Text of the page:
The CSD was intended to replace POMSoX’s simple Registry and Money Market System (RMS), offering the opportunity to introduce an electronic secondary market trading system for government and central bank securities in the future, to be carried out in consultation with SCPNG and POMSoX officials.
The BPNG planned to issue a single request for a new automated transfer system and the CSD, with both systems closely linked, although it ended up commissioning a major extension to its registry and money market system functionality from its existing software supplier. The plan to procure a new CSD was shelved after the BPNG implemented its kina automatic transfer system (KATS) in 2013; however, the central bank reported in late 2015 that the new interface does not support automated collateralisation of intraday liquidity.
Furthermore, the World Bank’s 2015 review of the system identified shortcomings in the interface between KATS and RMS. It drafted several recommendations, including calling for “automated clearing and settlement and a CSD as key infrastructure developments for the interbank, government securities and central bank bills markets”.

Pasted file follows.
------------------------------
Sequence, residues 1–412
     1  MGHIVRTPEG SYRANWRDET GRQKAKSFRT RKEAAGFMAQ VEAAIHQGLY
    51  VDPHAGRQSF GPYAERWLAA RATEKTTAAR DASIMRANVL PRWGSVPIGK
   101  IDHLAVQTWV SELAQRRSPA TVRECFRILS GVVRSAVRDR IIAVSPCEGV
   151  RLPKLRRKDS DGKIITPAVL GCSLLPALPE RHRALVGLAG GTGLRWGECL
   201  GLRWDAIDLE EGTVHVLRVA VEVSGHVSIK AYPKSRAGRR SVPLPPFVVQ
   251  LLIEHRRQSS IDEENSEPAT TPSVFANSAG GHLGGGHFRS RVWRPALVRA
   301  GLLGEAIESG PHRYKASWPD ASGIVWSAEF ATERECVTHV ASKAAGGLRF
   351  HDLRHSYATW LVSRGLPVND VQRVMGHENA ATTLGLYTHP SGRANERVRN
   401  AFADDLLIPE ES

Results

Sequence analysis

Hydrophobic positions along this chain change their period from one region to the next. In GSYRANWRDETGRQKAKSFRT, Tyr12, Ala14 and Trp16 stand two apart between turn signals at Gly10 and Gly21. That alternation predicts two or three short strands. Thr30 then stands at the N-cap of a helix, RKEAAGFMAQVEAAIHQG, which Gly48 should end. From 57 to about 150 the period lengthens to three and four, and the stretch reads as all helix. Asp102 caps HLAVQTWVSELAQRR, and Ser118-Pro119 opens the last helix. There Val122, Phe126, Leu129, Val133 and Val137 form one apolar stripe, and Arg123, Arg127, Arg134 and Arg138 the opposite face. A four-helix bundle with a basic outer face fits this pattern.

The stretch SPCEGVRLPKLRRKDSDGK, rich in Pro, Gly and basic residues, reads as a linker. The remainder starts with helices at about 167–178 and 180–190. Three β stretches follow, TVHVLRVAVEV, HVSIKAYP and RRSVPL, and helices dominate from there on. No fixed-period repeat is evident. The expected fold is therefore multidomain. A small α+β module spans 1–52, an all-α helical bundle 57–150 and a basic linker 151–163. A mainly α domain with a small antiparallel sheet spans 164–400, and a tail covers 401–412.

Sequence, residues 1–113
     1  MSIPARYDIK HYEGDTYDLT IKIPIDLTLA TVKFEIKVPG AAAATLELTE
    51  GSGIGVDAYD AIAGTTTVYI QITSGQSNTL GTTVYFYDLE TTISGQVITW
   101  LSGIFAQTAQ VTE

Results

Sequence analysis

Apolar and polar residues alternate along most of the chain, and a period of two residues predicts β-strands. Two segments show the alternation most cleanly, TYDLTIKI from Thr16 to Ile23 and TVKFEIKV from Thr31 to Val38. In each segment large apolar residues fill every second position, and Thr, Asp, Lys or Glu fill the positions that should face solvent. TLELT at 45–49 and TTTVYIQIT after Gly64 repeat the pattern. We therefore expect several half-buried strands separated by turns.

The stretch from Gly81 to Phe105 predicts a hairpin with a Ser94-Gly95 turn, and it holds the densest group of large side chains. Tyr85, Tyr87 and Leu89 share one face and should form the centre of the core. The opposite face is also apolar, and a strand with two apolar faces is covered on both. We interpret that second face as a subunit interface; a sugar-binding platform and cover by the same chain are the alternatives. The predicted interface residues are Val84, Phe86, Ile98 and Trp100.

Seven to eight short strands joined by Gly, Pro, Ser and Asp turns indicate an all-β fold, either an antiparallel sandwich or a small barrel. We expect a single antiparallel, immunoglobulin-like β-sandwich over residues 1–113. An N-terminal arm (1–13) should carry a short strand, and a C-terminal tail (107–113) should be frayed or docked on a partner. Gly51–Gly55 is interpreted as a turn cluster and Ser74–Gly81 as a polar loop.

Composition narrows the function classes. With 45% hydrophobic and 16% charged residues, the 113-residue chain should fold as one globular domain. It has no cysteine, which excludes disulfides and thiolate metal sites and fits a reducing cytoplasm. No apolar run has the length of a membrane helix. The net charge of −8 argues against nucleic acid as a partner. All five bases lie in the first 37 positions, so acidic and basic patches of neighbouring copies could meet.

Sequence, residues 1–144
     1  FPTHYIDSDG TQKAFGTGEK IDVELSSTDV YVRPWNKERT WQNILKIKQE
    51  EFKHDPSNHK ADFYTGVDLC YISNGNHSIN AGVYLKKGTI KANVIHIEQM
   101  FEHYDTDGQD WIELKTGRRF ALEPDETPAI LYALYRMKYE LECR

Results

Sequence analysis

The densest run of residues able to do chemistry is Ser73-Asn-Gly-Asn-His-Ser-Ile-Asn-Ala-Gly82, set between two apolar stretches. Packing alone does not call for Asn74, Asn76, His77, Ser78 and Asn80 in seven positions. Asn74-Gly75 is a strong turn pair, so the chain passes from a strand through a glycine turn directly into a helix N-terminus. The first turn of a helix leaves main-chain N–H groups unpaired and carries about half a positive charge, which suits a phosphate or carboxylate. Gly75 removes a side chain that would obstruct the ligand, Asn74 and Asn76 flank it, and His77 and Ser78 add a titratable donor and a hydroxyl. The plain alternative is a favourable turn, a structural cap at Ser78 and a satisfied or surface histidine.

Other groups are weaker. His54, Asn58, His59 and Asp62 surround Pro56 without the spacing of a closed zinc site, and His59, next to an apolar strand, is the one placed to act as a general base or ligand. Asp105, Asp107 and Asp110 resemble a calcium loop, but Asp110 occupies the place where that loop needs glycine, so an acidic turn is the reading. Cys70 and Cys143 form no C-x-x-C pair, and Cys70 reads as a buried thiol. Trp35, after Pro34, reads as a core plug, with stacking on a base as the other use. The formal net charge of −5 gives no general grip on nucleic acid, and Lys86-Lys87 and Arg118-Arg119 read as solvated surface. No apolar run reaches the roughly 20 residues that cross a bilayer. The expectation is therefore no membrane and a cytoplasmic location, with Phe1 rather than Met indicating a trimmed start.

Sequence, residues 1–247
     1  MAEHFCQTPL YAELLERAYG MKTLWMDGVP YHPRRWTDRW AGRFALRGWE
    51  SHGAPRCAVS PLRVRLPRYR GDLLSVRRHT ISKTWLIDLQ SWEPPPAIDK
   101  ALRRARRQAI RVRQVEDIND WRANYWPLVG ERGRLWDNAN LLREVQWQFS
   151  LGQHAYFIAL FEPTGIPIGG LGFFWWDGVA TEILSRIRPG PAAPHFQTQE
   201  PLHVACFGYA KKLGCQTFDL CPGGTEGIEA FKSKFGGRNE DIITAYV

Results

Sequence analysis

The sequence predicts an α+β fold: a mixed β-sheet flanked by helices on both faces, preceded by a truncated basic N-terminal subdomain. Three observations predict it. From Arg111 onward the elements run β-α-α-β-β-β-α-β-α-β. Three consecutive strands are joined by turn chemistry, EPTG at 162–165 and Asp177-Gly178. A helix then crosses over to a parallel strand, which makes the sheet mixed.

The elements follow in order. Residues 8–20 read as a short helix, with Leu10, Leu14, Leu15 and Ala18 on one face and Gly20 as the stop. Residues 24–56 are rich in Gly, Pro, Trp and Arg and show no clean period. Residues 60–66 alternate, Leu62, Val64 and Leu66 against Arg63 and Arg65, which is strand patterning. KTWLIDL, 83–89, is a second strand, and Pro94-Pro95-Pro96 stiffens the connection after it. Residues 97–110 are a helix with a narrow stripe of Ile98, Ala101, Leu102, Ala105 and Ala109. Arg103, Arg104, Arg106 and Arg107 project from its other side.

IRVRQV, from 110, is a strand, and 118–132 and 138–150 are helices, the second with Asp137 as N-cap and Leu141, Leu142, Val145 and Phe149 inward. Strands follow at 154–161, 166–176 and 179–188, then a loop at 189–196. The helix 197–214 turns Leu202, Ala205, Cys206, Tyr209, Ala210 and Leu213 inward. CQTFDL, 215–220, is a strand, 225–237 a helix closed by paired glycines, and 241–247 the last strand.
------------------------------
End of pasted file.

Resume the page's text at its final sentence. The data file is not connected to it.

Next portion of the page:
In its NPS strategy, the BPNG reported that it had been evaluating a Bloomberg bond auction system for automating the present manual auction process used for government and central bank securities. The automatic auction system could also be adopted for all future Treasury and central bank bills, and government inscribed stock.
However, some stakeholders have argued that finding a qualified global custodian remains a more important priority for POMSoX authorities. PNG’s exchange is not currently served by a global custodian, which poses a significant challenge to the development of its bond market, as many institutional investors are unable to buy into markets without using a global custodian as an intermediary.
Although it maintained steady expansion in 2017, POMSoX growth has moderated more recently, with the KSI contracting by 4.5%, while the KHSI expanded by 3.2% between January 1, 2018 and June 8, 2018. However, this is – once again – in line with Australian market trends, with the KBWM reporting that the All Ordinaries Index in Australia recorded 0% growth over the same period.
Outdated infrastructure, an ongoing forex shortfall and delayed reforms will continue to challenge capital markets stakeholders in 2018; however, the sector retains significant investment and growth potential. Major listed companies remain healthy and profitable, and the country’s ongoing macroeconomic recovery should keep the sector on an upwards trajectory in 2018. Nevertheless, addressing infrastructure and regulatory gaps remains a critical priority for investors and government authorities.